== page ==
Naturalist Sy Montgomery, author of The Good Good Pig, meets a forty pound octopus named Athena, and becomes fascinated by octopuses. She becomes an octopus observer at the New England Aquarium in Boston and meets aquarists, interns, and volunteers who bond while an octopus wraps an arm or two around their arms, and while they stroke her soft head. Octopuses (not octopi) are intelligent, very curious, and capable of changing the color, pattern, and texture of their skin many times in an hour. Boneless, they can and will fit in very tiny places and try to escape from their tanks to explore the world. The suckers on their eight arms can smell and taste, and are both strong and flexible. Over a couple of years, Sy gets to know four giant Pacific octopuses in Boston, travels to Seattle to watch octopuses mating, and learns to scuba dive. Sy observes wild octopuses in the Caribbean and the South Pacific. Poignantly, she also watches a favorite octopus, Octavia, grow old. After reading this absorbing, moving memoir, I look forward to spending time at aquariums observing the amazing octopuses.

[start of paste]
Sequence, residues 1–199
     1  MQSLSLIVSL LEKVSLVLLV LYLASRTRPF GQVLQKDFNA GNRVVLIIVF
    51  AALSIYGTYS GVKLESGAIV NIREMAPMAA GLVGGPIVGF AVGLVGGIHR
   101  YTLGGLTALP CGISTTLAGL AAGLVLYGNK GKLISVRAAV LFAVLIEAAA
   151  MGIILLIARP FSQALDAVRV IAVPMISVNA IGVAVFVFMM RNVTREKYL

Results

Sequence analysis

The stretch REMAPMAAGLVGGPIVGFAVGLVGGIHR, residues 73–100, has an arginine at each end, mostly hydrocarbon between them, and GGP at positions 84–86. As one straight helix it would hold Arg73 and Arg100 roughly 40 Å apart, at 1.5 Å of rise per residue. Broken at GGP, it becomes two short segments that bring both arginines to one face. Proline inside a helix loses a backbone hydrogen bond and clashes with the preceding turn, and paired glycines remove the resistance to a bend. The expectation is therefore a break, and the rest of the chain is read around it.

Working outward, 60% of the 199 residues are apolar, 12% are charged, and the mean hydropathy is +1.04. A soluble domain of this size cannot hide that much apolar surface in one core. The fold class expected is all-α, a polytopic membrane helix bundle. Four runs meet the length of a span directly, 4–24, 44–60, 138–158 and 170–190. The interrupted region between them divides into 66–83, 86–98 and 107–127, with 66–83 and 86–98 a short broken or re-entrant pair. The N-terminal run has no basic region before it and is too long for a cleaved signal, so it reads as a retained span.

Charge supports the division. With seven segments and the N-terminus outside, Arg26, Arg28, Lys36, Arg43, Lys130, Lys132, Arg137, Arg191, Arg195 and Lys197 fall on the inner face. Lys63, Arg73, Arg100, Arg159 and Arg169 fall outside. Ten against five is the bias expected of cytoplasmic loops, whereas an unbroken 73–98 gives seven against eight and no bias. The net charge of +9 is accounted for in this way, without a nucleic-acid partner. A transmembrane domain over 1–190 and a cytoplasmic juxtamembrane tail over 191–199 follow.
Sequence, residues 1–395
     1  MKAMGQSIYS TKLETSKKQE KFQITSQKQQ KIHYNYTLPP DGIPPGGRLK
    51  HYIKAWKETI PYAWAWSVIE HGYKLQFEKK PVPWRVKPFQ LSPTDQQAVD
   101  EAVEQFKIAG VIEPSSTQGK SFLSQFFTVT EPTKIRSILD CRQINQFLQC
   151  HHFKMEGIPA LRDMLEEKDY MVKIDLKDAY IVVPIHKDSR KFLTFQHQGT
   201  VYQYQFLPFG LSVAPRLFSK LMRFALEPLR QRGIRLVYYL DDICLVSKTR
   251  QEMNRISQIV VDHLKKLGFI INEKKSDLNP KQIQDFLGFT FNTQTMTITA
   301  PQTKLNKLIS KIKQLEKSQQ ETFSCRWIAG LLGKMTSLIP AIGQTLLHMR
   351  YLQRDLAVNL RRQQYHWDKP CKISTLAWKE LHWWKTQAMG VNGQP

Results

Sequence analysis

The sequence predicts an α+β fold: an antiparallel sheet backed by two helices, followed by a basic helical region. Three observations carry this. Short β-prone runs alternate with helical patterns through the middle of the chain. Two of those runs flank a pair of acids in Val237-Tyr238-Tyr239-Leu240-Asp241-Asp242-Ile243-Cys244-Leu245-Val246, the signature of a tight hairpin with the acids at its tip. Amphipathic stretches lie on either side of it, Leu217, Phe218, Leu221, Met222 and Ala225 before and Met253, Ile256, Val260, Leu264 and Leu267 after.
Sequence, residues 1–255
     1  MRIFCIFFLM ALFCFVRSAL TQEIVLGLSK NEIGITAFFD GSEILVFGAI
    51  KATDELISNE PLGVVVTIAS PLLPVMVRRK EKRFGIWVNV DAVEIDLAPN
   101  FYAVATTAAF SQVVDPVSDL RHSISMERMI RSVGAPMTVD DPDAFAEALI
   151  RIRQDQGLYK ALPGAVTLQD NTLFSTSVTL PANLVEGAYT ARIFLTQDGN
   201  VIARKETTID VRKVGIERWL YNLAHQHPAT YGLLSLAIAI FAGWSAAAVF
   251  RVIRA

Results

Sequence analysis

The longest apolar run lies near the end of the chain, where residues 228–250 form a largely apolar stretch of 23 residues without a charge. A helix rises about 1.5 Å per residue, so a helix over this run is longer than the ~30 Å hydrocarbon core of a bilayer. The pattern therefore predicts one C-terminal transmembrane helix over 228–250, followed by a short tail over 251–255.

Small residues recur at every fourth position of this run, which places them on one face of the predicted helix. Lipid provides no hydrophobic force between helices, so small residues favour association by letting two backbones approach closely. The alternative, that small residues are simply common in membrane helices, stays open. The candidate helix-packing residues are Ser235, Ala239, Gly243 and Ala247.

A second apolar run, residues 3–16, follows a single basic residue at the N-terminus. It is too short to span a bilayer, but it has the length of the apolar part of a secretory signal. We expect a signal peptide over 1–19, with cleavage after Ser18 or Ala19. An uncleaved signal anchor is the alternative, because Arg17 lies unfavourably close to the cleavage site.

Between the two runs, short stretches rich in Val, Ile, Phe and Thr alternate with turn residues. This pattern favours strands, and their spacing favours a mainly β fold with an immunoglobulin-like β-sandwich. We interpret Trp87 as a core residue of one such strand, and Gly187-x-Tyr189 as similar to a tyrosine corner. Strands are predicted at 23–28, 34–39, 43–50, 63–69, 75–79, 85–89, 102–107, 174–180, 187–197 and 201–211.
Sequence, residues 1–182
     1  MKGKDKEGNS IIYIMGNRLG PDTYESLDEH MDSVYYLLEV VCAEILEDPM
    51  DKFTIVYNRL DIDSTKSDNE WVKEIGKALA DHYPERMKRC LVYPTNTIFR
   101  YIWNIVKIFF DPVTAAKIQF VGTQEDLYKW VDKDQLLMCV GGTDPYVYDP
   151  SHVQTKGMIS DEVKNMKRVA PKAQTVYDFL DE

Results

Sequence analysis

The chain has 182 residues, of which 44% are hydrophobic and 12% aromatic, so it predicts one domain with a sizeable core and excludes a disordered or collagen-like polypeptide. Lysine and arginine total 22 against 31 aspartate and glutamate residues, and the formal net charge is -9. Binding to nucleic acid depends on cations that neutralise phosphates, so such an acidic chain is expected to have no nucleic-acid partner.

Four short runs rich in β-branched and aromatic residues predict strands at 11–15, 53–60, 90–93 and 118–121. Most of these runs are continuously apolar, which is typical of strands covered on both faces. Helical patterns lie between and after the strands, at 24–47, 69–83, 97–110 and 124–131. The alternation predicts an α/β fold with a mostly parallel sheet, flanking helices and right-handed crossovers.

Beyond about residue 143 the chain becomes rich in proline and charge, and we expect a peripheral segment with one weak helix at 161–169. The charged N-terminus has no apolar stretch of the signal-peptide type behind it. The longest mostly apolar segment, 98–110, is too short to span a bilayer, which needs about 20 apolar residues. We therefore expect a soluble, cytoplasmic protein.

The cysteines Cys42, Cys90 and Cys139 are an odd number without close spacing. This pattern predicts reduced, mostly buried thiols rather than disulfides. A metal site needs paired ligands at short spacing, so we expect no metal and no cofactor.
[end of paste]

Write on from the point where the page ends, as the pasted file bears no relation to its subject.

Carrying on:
The Way Life Should Be by Christina Baker Kline
Christina Baker Kline is best known for Orphan Train, her bestselling historical novel. Her new book, A Piece of the World, received lots of publicity, but I overlooked this appealing contemporary novel, published in 2007, until another librarian recommended it to me. Angela Russo, 33, an event planner in New York City, loses her job and heads to Maine to visit Rich, a guy she’s met only once. There’s not much to do on Mount Desert Island in the fall (except Acadia National Park, which barely gets a mention), and Angela starts working with Flynn at the local coffee shop. She rents a tiny shack, adopts a dog, and starts baking muffins and scones for the coffee shop. Angela inherited the gift of cooking from her Italian nonna, and hosts a few Italian cooking classes. Rich clearly isn’t her soul mate, but she’s surprisingly content. Back home in New Jersey for Christmas to visit her ailing nonna and the rest of her family, Angela has to decide whether to follow her head or her heart. Recipes are included, and they sound delicious. This is a good readalike for The City Baker’s Guide to Country Living, by Louise Miller, although Kline’s book is more cheerful.
Way Station by Clifford Simak